What is the position where a litigant instructs an expert to comment upon matters within their expertise and the expert, whilst producing an acceptable overall report, trespasses into areas which are the realm of the trial judge? Should the opposing party be allowed to strike-through and redact the offending passages so as to ensure that the judicial mind remains free and unpolluted by irrelevant material? Is this really a proportionate response to the problem, particularly in an era in which the Courts have been at pains to emphasise the importance of avoiding unnecesary and costly satellite litigation?
This was one of many issues which arose in the recent decision of the High Court in Hoyle v Rogers (2014) EWCA Civ 537, a case concerned with the admissibility at trial of an air-accident investigation report into a fatal aircraft crash. Christopher Clarke LJ expressed the view that there was nothing to be gained, except in 'very clear cases', from excluding or excising sections of expert reports in advance of trial. He specifically approved the comments of the first instance judge, which are worth repeating in full:
"Such an exercise is unnecessary and disproportionate especially when such statements are intertwined with others which reflect genuine expertise and there is no clear dividing line between them. In such circumstances, the proper course is for the whole document to be before the court and for the judge at trial to take account of the report only to the extent that it reflects expertise and to disregard it in so far as it does not. As Thomas LJ trenchantly observed in Secretary of State for Business Enterprise and Regulatory Reform v Aaron  EWCA Civ 1146 at para 39:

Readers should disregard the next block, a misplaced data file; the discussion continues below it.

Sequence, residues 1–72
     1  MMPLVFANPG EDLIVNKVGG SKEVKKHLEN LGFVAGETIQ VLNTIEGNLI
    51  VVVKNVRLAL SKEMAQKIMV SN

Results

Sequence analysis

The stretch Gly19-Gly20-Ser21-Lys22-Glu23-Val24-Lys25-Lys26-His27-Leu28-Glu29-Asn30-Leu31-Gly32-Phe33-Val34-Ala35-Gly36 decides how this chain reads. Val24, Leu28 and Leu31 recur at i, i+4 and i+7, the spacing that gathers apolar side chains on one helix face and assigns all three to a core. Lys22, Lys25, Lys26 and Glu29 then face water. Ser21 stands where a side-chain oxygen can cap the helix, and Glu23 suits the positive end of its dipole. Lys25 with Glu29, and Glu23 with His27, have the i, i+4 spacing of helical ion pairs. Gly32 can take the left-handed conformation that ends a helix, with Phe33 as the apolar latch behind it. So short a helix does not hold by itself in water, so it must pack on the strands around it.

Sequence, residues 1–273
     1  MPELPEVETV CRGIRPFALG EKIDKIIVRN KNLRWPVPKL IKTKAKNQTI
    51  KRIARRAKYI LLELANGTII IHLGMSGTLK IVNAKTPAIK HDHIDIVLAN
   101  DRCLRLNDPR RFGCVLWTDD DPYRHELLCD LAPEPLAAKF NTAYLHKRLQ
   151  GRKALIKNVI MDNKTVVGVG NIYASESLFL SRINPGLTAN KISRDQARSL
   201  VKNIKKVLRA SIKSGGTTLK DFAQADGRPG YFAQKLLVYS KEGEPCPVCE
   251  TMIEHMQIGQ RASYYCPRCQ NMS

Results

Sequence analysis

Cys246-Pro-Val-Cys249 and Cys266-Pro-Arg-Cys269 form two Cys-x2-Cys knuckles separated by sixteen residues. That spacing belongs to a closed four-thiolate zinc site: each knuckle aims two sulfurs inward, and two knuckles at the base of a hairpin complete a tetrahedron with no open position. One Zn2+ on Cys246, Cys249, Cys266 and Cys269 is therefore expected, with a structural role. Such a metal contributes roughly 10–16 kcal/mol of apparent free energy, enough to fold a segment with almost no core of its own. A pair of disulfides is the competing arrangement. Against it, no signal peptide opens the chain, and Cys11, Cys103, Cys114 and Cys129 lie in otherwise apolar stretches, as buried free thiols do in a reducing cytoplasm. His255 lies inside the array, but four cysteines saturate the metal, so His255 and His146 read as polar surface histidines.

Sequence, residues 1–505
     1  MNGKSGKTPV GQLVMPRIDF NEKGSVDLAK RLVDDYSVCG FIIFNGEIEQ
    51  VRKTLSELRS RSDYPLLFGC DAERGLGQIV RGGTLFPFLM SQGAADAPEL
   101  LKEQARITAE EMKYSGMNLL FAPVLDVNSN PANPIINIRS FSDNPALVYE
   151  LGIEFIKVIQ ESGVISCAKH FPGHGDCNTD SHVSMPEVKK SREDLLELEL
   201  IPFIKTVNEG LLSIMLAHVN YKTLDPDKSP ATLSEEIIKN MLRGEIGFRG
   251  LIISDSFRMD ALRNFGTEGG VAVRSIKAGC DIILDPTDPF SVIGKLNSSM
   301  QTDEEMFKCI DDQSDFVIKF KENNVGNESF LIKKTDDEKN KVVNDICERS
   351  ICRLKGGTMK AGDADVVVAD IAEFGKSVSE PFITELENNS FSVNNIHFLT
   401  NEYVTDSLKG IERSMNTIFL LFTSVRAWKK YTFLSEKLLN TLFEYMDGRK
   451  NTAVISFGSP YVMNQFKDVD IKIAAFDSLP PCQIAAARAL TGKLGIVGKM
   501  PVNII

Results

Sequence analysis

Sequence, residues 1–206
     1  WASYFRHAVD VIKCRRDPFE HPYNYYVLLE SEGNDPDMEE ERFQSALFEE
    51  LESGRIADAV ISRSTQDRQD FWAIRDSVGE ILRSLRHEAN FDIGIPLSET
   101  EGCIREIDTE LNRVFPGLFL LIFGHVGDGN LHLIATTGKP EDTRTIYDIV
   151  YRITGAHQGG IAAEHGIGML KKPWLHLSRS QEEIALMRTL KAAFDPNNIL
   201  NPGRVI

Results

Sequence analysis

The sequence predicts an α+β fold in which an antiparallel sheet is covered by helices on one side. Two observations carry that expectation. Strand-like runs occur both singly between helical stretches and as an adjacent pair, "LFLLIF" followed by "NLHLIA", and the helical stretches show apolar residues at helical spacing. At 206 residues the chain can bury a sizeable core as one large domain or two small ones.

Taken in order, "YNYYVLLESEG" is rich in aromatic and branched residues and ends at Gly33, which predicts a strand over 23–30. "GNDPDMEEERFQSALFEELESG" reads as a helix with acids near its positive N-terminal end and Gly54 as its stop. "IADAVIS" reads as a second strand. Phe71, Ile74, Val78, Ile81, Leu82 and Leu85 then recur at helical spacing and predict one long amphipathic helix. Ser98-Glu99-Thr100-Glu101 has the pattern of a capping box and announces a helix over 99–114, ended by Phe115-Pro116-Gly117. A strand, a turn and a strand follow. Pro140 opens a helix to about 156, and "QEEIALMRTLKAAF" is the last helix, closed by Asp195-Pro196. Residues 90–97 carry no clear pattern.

"It is my experience that many experts report views on matters on which it is for the court to make its decision and not for an expert to express a view. No modern or sensible management of a case requires putting the parties to the expense of excision; a judge simply ignores that which is inadmissible."
In this author's experience, this clear judicial warning is very often ignored in practice. It is not at unusual for parties to find themselves embroiled in internicine interlocutory applications about one or two paragraphs scattered throughout expert reports which are otherwise unobjectionable. It will be instructive to see whether the Court of Appeal's restatement of the correct approach begins to turn the tide.